Demons Wiki
Advertisement
Foraii Seal

Foraii the Matrax or Morax, is a Great Earl and President. He appeareth like a great Bull with a Man’s face. His office is to make Men very knowing in Astronomy, and all other Liberal Sciences; also he can give good Familiars, and wise, knowing the virtues of Herbs and Stones which be precious.

The appearance of a man like that of a bull is early Sumerian symbolism of a Lord. The depiction was well recognised into the Ur III period some 4,000 years ago, as Babylon was assimilating Akkadian and Sumerian culture. Just before Babylon became established in Ur, the patriarch Abraham, who is revered in Judaism, was led by God out of Sumeria. He and his family left from Aram-Naharaim (present day Najaf, Iraq). They were not living as far south as Ur; neither as north as Harran, Turkey, where many misidentify with these locations. His entire family and domestics trekked across the Arabian Desert to the Jordan for a distance of about 1,030 km or 640 miles.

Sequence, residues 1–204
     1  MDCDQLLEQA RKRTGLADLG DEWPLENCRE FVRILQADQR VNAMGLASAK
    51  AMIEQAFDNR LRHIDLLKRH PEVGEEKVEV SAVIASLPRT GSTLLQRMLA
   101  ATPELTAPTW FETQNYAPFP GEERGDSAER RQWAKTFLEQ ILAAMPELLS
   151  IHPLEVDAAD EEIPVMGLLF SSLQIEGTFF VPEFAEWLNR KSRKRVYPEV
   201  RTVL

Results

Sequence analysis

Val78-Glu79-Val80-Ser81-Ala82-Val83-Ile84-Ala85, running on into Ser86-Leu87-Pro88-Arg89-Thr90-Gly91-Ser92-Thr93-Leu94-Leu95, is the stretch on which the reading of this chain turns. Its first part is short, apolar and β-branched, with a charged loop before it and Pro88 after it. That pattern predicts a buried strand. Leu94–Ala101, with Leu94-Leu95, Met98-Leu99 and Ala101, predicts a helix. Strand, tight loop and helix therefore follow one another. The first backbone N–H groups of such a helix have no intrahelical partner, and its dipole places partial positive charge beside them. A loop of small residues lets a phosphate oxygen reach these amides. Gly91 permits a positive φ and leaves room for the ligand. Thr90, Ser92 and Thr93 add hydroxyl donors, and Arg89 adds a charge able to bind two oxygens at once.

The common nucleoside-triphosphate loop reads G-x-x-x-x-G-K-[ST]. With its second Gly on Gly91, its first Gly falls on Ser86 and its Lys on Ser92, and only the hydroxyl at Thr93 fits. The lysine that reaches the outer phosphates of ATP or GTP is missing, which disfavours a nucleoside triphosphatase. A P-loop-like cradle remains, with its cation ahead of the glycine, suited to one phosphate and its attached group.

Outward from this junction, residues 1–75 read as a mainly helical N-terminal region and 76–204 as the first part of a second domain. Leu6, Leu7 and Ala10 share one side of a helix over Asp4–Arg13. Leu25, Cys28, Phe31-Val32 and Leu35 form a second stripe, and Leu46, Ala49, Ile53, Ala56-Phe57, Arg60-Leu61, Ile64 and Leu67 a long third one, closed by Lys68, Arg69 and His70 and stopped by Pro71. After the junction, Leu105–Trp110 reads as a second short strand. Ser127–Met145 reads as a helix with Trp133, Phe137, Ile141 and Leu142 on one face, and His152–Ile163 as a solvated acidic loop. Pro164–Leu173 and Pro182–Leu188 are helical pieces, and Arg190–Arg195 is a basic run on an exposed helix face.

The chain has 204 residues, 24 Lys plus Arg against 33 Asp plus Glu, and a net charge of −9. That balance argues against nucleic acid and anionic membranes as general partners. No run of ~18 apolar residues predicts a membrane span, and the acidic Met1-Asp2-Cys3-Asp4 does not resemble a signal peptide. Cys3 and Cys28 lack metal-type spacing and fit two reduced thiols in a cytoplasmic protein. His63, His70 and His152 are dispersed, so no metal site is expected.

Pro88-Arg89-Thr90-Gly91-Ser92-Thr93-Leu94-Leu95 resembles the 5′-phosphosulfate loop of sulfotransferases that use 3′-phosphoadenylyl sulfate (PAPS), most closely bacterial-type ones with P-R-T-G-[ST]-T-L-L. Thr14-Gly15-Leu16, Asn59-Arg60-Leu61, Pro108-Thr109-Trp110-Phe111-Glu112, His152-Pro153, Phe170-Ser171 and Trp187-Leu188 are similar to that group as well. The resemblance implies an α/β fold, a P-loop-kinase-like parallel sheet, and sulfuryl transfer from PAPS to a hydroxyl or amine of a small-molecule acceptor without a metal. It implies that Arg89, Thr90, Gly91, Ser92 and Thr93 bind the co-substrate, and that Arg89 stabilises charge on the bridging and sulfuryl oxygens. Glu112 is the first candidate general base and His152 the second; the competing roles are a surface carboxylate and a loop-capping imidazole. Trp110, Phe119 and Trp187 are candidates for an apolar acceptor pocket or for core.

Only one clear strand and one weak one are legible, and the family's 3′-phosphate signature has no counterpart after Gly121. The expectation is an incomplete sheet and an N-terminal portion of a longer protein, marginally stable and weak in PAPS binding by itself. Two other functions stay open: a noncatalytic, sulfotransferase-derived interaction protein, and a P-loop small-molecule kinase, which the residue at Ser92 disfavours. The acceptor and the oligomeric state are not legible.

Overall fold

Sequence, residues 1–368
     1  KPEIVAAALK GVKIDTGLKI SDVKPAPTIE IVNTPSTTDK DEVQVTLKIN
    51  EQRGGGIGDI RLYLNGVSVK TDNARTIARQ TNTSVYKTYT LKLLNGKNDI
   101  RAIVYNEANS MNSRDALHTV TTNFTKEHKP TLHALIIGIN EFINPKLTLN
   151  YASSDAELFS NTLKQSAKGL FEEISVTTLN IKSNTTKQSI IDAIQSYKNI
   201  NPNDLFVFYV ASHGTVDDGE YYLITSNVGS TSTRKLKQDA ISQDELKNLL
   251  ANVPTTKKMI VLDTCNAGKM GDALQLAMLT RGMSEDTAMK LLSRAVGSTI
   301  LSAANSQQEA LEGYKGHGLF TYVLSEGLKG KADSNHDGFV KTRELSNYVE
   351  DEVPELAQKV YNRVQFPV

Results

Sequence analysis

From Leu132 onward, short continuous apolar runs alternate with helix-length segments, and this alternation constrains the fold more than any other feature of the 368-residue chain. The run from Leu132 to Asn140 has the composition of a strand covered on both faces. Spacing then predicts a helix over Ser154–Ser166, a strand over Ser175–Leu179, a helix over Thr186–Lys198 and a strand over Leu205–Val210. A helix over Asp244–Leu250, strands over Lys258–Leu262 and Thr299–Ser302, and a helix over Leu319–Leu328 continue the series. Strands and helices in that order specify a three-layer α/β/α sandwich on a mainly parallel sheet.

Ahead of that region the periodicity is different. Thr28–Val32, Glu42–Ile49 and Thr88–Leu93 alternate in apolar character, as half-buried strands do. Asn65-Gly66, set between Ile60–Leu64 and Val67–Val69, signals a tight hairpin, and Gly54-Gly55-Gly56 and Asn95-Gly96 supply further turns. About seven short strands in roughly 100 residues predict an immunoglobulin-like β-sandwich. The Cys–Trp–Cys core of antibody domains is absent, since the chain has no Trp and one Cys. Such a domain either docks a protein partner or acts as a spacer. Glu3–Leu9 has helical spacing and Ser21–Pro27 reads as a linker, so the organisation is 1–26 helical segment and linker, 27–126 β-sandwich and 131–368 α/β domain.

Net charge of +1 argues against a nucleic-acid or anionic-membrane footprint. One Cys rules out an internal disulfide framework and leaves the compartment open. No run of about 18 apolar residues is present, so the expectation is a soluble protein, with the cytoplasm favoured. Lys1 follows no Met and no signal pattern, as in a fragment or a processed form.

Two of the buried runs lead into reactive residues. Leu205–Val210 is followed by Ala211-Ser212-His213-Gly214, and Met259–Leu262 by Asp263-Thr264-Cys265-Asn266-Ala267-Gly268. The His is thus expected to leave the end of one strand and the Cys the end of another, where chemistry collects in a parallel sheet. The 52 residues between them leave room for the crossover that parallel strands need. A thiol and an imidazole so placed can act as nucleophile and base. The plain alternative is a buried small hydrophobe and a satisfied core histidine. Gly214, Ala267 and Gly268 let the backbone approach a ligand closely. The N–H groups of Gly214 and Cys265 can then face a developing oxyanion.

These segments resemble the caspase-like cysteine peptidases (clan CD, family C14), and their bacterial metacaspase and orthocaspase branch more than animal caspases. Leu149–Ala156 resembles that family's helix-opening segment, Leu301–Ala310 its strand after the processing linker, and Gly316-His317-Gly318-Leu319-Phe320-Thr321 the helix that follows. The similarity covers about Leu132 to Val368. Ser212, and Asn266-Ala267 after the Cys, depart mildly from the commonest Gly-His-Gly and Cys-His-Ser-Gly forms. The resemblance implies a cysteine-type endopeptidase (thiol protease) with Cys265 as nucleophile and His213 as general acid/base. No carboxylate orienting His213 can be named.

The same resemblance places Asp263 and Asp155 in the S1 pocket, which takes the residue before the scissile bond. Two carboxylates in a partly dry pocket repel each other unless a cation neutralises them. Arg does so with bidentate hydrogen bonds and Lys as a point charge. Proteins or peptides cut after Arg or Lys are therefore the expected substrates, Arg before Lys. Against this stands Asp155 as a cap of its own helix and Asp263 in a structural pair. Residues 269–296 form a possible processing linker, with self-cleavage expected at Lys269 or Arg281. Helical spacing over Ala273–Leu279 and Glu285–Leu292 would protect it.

Battle of Siddim

Battle of Siddim

While Abram was staying in Elonei Mamrei, a few Jordan Kings aquired some of his belongings. By Spirit of Foraii, the nine Jordan Kings clashed and many of them retreated, such as the Kings of Sodom and Gomorrah who fled to the mountains. This opened an opportunity for Lord Abram to lead a night raid, with 318 armed men, in pursuit of the Jordan king with his possessions. Foraii instills fear in humans when sighted, a tactic used against sodomite kings.

Foraii is a Matrax (Aramiac: מטרקא, mṭrqʾ, meaning a device for driving livestock, such as cracking a whip; from ṭrq "to crack" as in a whip.) The term Matrax can be found in Dante Santori's Book of Demons, p. 70.

In Goetia, Foraii is listed as Morax, where the Latin root is mora, meaning to delay, by which Foraii delays the reaction time of enemies (who are overcome with fear), so that they may be smited.

Crowley lists Foraii as Marax. In Norse, the root is mara, meaning nightmare as in — incubus.

His mystical number is 30 and his symbol is the dolphin.

Sources[]

  • Johann Weyer, Pseudomonarcbia daemonum, In Opera Omnia (Amstelodami, 1660, pp. 649-666)
  • 777 And Other Qabalistic Writings of Aleister Crowley, pp. 29 rev. ed.
  • Goetia vel Clavicula Salamonis Regis, p. 19
  • Santori, Dante. Il Libro dei Demoni, p. 70
Advertisement